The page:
Closed schools, surging poverty, forced marriages and depression -- after a year of the pandemic, indicators measuring child and adolescent development have all regressed, a setback that heralds lasting stigma for an entire generation, UNICEF has warned.
"The number of children who are hungry, isolated, abused, anxious, living in poverty and forced into marriage has increased," Henrietta Fore, executive director of the United Nations International Children's Emergency Fund, said in a statement released exactly one year since the World Health Organization classified Covid-19 as a pandemic.
"Their access to education, socialization and essential services including health, nutrition and protection has decreased. The signs that children will bear the scars of the pandemic for years to come are unmistakable," Fore said in the statement.
Faced with such "devastating" effects, Fore urged for children to be placed "at the heart of recovery efforts," particularly by "prioritizing schools in reopening plans."
UNICEF cited a series of worrying figures in support of Fore's words.
While the pandemic has taken a heavy toll on the elderly, children and adolescents under 20 make up 13 percent of the 71 million coronavirus cases reported in the 107 countries that provided age-specific data.
In developing countries, projections show a 15 percent increase in child poverty.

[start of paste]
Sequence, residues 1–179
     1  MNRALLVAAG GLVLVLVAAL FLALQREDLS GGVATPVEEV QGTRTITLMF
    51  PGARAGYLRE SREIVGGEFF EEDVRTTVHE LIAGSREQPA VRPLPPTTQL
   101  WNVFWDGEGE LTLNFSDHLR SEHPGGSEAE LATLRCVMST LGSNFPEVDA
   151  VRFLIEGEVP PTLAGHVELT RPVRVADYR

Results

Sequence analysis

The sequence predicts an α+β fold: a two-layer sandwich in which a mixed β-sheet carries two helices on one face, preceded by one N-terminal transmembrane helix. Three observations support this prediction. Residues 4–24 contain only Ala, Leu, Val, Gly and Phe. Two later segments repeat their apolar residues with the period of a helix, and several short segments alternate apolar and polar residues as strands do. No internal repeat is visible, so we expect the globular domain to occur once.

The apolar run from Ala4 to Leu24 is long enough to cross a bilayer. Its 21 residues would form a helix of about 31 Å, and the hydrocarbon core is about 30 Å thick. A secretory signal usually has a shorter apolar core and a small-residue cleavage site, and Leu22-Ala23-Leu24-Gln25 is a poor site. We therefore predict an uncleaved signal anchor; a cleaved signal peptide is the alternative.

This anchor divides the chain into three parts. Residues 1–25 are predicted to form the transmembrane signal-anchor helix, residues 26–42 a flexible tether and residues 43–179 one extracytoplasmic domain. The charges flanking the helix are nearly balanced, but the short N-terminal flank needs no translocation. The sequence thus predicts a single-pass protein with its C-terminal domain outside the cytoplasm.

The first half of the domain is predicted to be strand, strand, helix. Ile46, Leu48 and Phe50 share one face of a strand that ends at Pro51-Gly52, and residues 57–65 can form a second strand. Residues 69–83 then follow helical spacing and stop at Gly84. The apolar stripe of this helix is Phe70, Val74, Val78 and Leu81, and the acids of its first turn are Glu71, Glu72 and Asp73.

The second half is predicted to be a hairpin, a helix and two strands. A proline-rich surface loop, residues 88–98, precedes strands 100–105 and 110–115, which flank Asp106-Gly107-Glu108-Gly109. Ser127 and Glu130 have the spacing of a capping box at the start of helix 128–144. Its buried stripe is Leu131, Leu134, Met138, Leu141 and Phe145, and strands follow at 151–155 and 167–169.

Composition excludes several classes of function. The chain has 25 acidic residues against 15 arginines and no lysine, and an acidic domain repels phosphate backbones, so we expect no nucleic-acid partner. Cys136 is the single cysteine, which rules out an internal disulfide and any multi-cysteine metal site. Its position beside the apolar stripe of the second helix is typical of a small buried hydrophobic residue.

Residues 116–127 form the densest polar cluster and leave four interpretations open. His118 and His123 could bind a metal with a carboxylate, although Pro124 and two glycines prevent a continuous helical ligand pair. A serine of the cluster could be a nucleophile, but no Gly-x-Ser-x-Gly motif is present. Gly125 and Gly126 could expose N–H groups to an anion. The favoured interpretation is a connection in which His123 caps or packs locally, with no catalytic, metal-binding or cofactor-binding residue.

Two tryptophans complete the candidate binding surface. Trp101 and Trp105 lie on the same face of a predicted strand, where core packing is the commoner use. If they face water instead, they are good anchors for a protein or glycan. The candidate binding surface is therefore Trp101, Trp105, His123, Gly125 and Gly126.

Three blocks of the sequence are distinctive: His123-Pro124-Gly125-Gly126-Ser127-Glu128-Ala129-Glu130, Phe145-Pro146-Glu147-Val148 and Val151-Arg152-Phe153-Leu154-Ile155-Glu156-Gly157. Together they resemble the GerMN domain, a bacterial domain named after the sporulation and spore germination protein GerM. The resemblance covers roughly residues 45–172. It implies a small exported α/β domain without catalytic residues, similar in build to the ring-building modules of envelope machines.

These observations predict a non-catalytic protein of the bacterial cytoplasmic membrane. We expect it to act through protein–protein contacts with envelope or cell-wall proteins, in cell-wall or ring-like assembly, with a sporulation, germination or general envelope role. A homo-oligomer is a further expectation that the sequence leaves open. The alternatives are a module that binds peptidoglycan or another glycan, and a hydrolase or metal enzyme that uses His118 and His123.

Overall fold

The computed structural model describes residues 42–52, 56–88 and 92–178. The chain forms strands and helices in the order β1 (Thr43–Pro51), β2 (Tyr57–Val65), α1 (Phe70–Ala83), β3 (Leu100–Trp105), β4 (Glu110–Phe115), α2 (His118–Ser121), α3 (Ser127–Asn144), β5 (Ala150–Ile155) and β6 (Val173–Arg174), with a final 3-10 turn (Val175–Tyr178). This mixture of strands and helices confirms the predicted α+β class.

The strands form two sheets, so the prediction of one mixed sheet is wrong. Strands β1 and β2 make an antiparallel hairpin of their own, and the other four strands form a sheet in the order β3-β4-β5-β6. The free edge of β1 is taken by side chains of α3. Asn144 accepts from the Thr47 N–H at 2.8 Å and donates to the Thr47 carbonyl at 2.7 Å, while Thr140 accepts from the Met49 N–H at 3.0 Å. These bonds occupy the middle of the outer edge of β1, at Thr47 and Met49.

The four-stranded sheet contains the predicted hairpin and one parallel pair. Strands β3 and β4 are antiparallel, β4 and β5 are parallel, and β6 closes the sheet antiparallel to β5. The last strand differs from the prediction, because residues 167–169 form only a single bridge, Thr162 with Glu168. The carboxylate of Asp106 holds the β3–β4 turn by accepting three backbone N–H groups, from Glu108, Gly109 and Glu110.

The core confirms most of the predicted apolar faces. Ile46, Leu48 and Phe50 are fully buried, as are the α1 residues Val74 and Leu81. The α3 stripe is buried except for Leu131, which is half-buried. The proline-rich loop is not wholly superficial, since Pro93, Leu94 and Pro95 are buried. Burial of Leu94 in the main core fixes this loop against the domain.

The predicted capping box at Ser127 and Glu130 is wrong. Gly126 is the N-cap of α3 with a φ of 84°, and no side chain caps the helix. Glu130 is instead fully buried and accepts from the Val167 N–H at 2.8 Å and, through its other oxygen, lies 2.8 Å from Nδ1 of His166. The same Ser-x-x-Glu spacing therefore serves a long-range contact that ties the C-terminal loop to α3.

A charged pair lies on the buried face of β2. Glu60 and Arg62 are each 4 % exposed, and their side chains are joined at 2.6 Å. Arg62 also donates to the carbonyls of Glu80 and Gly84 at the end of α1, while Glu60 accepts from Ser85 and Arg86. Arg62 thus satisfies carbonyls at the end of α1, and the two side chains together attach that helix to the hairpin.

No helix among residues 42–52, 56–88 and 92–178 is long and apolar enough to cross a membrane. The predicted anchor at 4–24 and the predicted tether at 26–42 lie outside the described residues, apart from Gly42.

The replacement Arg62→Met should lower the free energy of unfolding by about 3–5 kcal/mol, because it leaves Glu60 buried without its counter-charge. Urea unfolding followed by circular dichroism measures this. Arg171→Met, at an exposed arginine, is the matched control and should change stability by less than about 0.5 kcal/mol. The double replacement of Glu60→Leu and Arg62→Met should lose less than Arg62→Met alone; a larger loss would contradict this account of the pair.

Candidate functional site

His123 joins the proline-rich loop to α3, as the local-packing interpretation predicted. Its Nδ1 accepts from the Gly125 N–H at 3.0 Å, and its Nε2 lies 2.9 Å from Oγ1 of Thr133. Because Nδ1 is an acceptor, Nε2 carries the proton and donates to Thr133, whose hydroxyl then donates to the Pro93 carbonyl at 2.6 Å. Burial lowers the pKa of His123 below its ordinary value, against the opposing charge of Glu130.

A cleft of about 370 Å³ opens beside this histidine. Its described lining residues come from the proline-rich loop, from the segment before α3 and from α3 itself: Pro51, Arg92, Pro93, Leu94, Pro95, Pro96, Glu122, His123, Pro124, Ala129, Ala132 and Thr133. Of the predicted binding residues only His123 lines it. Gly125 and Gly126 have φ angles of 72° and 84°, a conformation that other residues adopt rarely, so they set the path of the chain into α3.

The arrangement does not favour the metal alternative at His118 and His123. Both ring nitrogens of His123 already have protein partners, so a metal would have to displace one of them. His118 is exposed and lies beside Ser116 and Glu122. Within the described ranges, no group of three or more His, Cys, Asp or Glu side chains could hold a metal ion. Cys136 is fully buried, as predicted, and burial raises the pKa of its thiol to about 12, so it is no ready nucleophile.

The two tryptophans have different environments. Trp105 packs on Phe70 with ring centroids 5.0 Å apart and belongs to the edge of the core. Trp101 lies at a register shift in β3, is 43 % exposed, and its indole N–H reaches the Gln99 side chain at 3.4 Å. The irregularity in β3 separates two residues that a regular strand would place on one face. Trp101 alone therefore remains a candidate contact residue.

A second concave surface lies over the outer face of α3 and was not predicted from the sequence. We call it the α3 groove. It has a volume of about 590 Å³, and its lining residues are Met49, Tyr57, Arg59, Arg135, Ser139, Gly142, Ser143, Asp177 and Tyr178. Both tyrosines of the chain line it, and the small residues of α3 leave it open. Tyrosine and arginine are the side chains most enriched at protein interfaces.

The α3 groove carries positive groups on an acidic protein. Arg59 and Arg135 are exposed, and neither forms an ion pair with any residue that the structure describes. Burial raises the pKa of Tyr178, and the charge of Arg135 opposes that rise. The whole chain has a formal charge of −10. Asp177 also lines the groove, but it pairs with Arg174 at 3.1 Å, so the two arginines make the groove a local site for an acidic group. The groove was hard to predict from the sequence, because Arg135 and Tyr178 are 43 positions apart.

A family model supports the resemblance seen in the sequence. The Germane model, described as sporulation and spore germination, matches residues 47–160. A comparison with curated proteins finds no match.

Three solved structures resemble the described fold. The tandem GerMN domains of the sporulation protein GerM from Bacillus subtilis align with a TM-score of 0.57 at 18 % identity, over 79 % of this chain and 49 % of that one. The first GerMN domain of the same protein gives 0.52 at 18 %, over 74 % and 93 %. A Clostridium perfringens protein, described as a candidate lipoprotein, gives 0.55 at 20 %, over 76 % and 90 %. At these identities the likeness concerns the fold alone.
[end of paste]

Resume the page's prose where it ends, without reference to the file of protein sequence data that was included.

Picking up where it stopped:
Six to seven million more children could suffer from malnourishment in 2020, an increase of 14 percent that could translate to more than 10,000 additional deaths per month, mainly in sub-Saharan Africa and South Asia.
For 168 million students around the world, schools have been closed for nearly a year. A third of those students do not have access to online education.
Children "have a right to learn and to be prepared for the world that awaits them, but it's beyond that," Sanjay Wijesekera, UNICEF's global director of programs, told AFP.
"When children are out of school, and their parents don't have jobs, and don't have income that creates certain dynamics that result in families looking for other options and girls being forced into early marriages," Wijesekera said.
As a result of the shuttered schools and worsening economic situation, the pandemic could lead to the marriage of 10 million children by 2030, adding to the 100 million girls already considered at risk of marriage by then.
At least one in seven children or adolescents has spent the majority of the past year under lockdown orders, increasing anxiety, depression and isolation, according to Unicef.
The coronavirus has also led to the suspension of vaccination campaigns against other diseases -- starting with measles -- in 26 countries, increasing threats to the health of non-immunized people.
"Children have paid a heavy price," Wijesekera said.
"And that's why it is important that children are at the heart of the recovery. Some of these scars... will last a long time."